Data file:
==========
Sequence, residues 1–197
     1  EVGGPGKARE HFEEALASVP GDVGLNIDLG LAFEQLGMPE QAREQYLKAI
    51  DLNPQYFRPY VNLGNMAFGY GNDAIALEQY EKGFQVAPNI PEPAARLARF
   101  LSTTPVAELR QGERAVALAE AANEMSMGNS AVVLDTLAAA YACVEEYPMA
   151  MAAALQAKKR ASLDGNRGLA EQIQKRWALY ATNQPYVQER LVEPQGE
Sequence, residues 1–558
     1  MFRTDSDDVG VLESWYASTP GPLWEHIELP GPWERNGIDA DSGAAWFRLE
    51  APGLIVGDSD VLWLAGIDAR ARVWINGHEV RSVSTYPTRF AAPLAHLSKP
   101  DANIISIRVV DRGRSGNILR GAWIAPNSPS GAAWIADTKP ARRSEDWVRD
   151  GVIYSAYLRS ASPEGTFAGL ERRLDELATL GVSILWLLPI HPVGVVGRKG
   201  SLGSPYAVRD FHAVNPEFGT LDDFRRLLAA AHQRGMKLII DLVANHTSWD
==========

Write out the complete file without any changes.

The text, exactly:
Sequence, residues 1–197
     1  EVGGPGKARE HFEEALASVP GDVGLNIDLG LAFEQLGMPE QAREQYLKAI
    51  DLNPQYFRPY VNLGNMAFGY GNDAIALEQY EKGFQVAPNI PEPAARLARF
   101  LSTTPVAELR QGERAVALAE AANEMSMGNS AVVLDTLAAA YACVEEYPMA
   151  MAAALQAKKR ASLDGNRGLA EQIQKRWALY ATNQPYVQER LVEPQGE
Sequence, residues 1–558
     1  MFRTDSDDVG VLESWYASTP GPLWEHIELP GPWERNGIDA DSGAAWFRLE
    51  APGLIVGDSD VLWLAGIDAR ARVWINGHEV RSVSTYPTRF AAPLAHLSKP
   101  DANIISIRVV DRGRSGNILR GAWIAPNSPS GAAWIADTKP ARRSEDWVRD
   151  GVIYSAYLRS ASPEGTFAGL ERRLDELATL GVSILWLLPI HPVGVVGRKG
   201  SLGSPYAVRD FHAVNPEFGT LDDFRRLLAA AHQRGMKLII DLVANHTSWD